January 2021 News & Notes
A Warm Welcome to New Members of the Pallottine Team
Meet Our New Housekeeping Manager AnnMarie Rhodes!
AnnMarie joined us as our new Housekeeping Manager in December 2020. She came to us from Holiday Inn Route 66 where she was a Room Divisions Manager for 10 years. When I asked her what encouraged her to join our team, she said “I was brought to Pallottine to continue my area of expertise but also with peace of mind in a beautiful setting.”
AnnMarie has a son, a daughter, and two grandchildren. Her daughter Danyel, a highly motivated college student, recently became visually impaired. She and AnnMarie spend a lot of time together learning new skills, tools and the latest adaptive technologies that will empower Danyel to meet her goals and ambitions.
We’re are happy to have AnnMarie join our team. She is outgoing, a self-starter, a people-person, and has a hilarious sense of humor!
A Greeting From Our New Board Member Jeff Finnegan
I was born into a family of eight, raised in North St. Louis County and attended Sts. John and James Parish and School in Ferguson. After graduating from St. Thomas Aquinas Catholic High School in Florissant in 1979, I spent four years pursuing a degree in engineering/architecture before entering seminary training in 1983. After receiving a bachelor’s degree in Philosophy and Sociology, I spent three years at Kenrick Theological Seminary in St. Louis until taking a position as Pastoral Associate at Sts. John and James Church in 1989 until 2005.
Since then I have been Pastoral Associate and Director of Youth Ministry at Blessed Teresa of Calcutta Parish in Ferguson. I volunteer at the City Workhouse Medium Security Jail and am currently on the Criminal Justice Ministry (CJM) board and active in Handicapped Encounter Christ (HEC) retreat community.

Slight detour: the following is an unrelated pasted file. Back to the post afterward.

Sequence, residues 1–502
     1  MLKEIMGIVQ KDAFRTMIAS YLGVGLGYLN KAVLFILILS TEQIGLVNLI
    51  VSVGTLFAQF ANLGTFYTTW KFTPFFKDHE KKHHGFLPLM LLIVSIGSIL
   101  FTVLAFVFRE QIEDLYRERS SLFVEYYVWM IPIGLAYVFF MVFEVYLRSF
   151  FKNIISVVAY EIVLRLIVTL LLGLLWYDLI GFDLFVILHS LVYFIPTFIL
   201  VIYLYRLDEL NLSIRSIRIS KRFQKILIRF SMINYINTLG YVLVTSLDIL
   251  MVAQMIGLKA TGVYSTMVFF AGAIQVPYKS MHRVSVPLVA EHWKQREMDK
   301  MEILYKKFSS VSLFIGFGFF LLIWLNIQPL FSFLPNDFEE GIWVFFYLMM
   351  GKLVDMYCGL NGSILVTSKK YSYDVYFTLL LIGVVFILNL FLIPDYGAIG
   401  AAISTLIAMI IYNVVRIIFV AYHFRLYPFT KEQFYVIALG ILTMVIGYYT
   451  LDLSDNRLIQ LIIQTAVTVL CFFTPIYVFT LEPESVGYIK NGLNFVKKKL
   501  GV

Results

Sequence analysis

Besides doing a lot of walking and hiking, I often seek out microbreweries to try.
Pallottine has been a long-standing center of hospitality for the HEC retreats, and I have over 30 years of powerful memories in this facility!
I am honored to join the PRC in their mission to provide a sense of welcome to all, and to stand as a resource in North St. Louis County to gather folks of all ages, faiths, and backgrounds. During my time serving on the board I hope to represent the communities for which I have a privilege of ministering and to offer any skills and ideas that will support the mission.
From Our Sponsors
My Life Today is Found Between These Two Bookends
by Thomas W. Cummins
Driving up Old Halls Ferry Road, I always look for the cross atop the steeple on the chapel of the Pallottine Renewal Center (PRC). That is the moment for me when a sense of peace begins to set in. Once I am on the long, tree-lined drive leading up to the Center, the spiritual calm sought by so many retreatants and visitors is definitely present.
My involvement with the PRC began in early 2010. So the past eleven years have provided many opportunities to enjoy all the center has to offer. The Pallottine Missionary Sisters chose a wonderful site, and the dedicated staff over the past fifty years have built it into just the place to truly Refresh, Renew, and Reflect. Such a welcoming and hospitable environment is made all the more special by the pastoral setting, the wildlife, woodland trials, and the sunsets,
Being at the PRC provides quite a contrast to the prison where I minister to incarcerated men as a volunteer chaplain. My assignment at Potosi Correctional Center is to visit with the men in solitary isolation. These are men who are alone in their cells 23 hours per day, seven days each week. Oh how they enjoy a visitor at their door, someone to talk to other than whoever may be in neighboring cells.